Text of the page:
Think Outside the Box with Your Workforce Solutions
Today’s employees want to maintain their quality of life, including hybrid work, well-being support, and competitive pay; employers need to creatively meet their needs in order to keep them from jumping ship.
But why are we having to be creative with the workforce? What does it mean to be creative with your workforce, and how can your creativity set you up for success within your industry? Also, while we are having a hard conversation, let’s talk about Gen Z and how they play a role in all of this.
What we can see from the statistics is clear: the baby-boomers are retiring in droves. According to Pew Research Center, the rate of retirement for baby-boomers has accelerated. Nearly 29 million boomers retired in 2020, and three million the year before that. By 2030, 75 million boomers are expected to retire. That translates to about 10,000 workers per day.
While this trend is not new or unexpected, the pandemic did escalate the rates of retirement, putting a major strain on the labor force participation rate. Currently, the U.S. labor force participation rate is the worst it has been since 1964, despite job openings being at an historical high in March of 2022. While there has been a shift in the number of people available to work, there has also been a shift in how people work — 2020 forced the “ability” to be flexible, by working from home or the need for one parent to stay at home as opposed to pre-pandemic dual-income households.
Regardless of how we got here, we must deal with where we are and understand the differences between expectations of employers and employees. Conversations with our clients tell us that employees view productivity as completing their required task. Employers view productivity as innovation and new ideas generated by the organization. This is a sharp disconnect.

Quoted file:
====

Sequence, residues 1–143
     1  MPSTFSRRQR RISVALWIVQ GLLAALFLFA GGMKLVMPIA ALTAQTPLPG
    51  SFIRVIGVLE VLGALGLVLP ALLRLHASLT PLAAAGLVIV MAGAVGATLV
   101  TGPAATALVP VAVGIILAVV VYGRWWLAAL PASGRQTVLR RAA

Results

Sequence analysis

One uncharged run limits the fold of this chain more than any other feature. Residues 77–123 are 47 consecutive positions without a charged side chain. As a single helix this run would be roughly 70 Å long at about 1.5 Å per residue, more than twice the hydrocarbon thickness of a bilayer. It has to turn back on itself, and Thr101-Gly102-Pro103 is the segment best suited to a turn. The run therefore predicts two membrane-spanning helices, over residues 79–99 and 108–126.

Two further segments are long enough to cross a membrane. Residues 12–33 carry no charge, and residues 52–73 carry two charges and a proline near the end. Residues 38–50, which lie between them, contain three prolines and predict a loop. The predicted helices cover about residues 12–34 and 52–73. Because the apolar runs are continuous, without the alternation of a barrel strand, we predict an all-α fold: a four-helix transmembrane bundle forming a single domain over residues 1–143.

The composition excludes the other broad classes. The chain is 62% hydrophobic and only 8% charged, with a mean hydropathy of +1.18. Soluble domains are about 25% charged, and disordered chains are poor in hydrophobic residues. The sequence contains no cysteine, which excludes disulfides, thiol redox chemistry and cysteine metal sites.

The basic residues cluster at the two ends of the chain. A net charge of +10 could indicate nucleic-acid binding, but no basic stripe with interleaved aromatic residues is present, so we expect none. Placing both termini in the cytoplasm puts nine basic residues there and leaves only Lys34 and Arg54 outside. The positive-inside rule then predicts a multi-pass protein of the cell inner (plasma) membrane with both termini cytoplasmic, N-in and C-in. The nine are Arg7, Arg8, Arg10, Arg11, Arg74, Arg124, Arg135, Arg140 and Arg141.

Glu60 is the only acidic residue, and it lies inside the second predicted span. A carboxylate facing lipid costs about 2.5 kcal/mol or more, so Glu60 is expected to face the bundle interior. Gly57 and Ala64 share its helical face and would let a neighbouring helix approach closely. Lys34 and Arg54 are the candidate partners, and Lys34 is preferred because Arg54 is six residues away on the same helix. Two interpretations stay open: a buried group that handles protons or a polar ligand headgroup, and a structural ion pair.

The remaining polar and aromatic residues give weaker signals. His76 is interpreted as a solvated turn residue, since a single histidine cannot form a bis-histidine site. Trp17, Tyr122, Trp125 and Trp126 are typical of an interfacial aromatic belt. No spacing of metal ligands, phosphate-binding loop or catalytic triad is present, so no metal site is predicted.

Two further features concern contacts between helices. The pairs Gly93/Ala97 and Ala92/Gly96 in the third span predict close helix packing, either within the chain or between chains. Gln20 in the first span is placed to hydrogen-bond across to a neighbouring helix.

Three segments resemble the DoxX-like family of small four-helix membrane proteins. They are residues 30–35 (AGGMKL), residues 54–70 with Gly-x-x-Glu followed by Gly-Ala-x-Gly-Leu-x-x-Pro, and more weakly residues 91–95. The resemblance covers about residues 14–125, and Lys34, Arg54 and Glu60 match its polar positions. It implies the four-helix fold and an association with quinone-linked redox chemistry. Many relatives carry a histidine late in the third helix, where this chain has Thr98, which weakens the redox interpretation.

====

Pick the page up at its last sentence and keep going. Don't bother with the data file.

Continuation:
Currently, the U.S. labor force participation rate is the worst it has been since 1964, despite job openings being at an historical high in March of 2022. JLL’s 2022 workforce report shows that employees renewed their focus on maintaining their quality of life, including hybrid work, well-being support, and competitive pay. Seventy-four percent of employees who have been working remotely three to four days a week were the least loyal and have left their jobs in the past 2.5 years, and 79 percent could do so in the coming months. This statistic is not shocking when you think about the limited connectivity and camraderie of remote work. The statistics go on to show that 59 percent of employees prioritize working in a company that supports their health and well-being, while 60 percent of employees believe the office will remain central to their working life in the long term.
Let’s break down the workforce discussion by two different sectors: office and industrial. We know the ability to allow flexibility is much easier with employees in an office setting as opposed to those on a manufacturing floor, but that doesn’t change the desire of those workers to have flexibility.